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Marriott Ranked Least Efficient, as Budget Hotels Show the Way

A sustainability study of 46,000 US hotels by tech company Brighter Planet found budget hotels had greater energy efficiency than more expensive establishments, with upscale chain Marriott ranking 75th out of 75 chains. The study also discovered that newer hotels are less efficient, use more energy and use dirtier energy sources than their older counterparts.

The most energy and carbon-efficient US lodging chain in the study was Vagabond Inns, with Red Lion Hotels & Inns in the No. 2 spot. Both are mid-range hotels. Budget chain Red Carpet Inns was third in the ranking. Travelodge, Scottish Inns, America’s Best Inn & Suites, Shilo Inns & Resorts, Knights Inn, Howard Johnson and Rodeway Inn rounded out the top 10.

But the analysis found that energy efficient, lower carbon hotel rooms are available at every price range. Some upscale hotels beat out many mid-range chains and budget class options. Four Points Hotels by Sheraton was the most energy efficient chain among upscale lodgings, coming in 33rd overall.  The analysis also found the Sheraton chain was 20 percent more energy efficient than the least efficient mid-range chain, AmericInn International.

Brighter Planet’s lodging analysis covers 80 percent of all US hotels with at least 15 rooms. The analysis modeled the hotels’ impacts using details on each property.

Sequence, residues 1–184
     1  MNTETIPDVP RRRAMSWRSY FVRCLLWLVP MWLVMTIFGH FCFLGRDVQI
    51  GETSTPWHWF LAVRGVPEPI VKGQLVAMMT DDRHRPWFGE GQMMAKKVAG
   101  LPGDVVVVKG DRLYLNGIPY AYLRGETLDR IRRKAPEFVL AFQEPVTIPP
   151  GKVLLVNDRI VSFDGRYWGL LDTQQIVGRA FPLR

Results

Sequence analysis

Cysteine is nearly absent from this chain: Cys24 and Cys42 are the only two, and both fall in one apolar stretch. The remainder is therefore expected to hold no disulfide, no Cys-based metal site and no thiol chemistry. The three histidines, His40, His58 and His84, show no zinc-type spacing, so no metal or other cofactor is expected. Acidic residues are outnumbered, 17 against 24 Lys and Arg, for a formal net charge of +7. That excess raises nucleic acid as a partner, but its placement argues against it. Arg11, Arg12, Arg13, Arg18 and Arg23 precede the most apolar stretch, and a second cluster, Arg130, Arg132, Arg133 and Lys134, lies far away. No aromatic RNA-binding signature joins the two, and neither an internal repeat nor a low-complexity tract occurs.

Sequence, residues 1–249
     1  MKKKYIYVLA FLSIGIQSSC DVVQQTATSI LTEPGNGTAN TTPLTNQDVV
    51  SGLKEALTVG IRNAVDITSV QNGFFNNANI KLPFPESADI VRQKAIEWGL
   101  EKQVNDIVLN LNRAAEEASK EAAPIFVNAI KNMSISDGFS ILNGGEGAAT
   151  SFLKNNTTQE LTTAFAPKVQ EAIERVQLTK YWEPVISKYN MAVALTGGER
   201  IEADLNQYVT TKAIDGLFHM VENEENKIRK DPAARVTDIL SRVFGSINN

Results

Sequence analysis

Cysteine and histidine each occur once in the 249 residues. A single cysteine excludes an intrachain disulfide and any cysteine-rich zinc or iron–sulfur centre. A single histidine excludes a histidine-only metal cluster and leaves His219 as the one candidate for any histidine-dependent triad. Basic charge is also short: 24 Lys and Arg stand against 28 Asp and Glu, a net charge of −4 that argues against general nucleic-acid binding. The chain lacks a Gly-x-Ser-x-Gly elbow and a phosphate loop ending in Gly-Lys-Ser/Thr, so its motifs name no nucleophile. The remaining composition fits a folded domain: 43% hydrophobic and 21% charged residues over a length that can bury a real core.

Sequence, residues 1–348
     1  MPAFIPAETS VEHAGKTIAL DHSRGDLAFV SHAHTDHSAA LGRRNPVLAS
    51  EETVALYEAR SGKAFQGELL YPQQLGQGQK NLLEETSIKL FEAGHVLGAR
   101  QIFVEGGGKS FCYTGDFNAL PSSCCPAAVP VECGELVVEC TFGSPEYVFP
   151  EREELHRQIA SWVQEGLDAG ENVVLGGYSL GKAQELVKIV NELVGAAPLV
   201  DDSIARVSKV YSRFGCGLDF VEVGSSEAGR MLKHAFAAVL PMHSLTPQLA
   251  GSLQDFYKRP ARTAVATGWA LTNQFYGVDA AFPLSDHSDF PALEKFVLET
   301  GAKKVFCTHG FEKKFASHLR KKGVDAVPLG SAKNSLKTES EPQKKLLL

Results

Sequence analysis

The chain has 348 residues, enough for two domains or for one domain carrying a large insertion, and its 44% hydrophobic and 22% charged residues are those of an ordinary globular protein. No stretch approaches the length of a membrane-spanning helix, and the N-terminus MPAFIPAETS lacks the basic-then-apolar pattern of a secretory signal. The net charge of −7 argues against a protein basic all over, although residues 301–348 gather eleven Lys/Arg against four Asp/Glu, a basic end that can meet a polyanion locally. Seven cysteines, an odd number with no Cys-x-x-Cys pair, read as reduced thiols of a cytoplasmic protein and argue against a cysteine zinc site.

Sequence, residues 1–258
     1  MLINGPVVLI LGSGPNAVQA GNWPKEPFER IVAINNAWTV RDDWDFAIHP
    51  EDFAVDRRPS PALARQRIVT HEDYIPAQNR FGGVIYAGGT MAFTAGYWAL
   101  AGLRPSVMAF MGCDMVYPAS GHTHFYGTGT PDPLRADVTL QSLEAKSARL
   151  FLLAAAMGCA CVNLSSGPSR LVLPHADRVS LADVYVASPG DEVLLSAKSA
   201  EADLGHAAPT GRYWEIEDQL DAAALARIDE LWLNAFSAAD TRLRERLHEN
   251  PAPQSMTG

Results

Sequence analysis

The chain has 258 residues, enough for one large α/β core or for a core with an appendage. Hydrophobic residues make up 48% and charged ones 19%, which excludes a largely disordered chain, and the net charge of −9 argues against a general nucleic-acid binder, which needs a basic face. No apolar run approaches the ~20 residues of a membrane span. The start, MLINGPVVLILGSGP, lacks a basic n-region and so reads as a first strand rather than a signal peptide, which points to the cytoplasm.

The study found the dirtiest 25 percent of the nation’s hotels are responsible for more than half of the entire industry’s environmental impact. But increasing interest in LEED and Energy Star program has the potential to reverse this trend, Brighter Planet said.

Marriott has been named as a sustainability leader on several occasions. Last December Climate Counts ranked the chain as the hotel sector’s leader, and in March it was one of five leisure and hospitality companies in Ethisphere’s 2012 Most Ethical Companies list.

Last month Marriott announced that GE Lighting LED retrofits at its Bethesda. Md., headquarters will reduce electricity use by 860,000 kWh, or 66 percent, and save more than $120,000 in annual combined energy and maintenance costs. And last November, Marriott and Constellation Energy agreed to develop over 23 MW of load response capability across more than 250 of the hotel’s properties in the mid-Atlantic, New York, New England, Texas and California.

Marriott is also one of 12 international hotel companies that are trying to create a single methodology for calculating carbon footprints and emissions.

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10 thoughts on “Marriott Ranked Least Efficient, as Budget Hotels Show the Way

  1. There is a contradiction here. Which is the truth? 3rd party report by Brighter Planet or press releases?

    Marriott has been named as a sustainability leader on several occasions. Last December Climate Counts ranked the chain as the hotel sector’s leader, and in March it was one of five leisure and hospitality companies in Ethisphere’s 2012 Most Ethical Companies list.

  2. I will take 3rd party report more authenticated.l I suggest Bright
    planet should take this study in India and other developing country.
    Kisholoy Gupta,
    Sustainable Hospitality Management Adviser.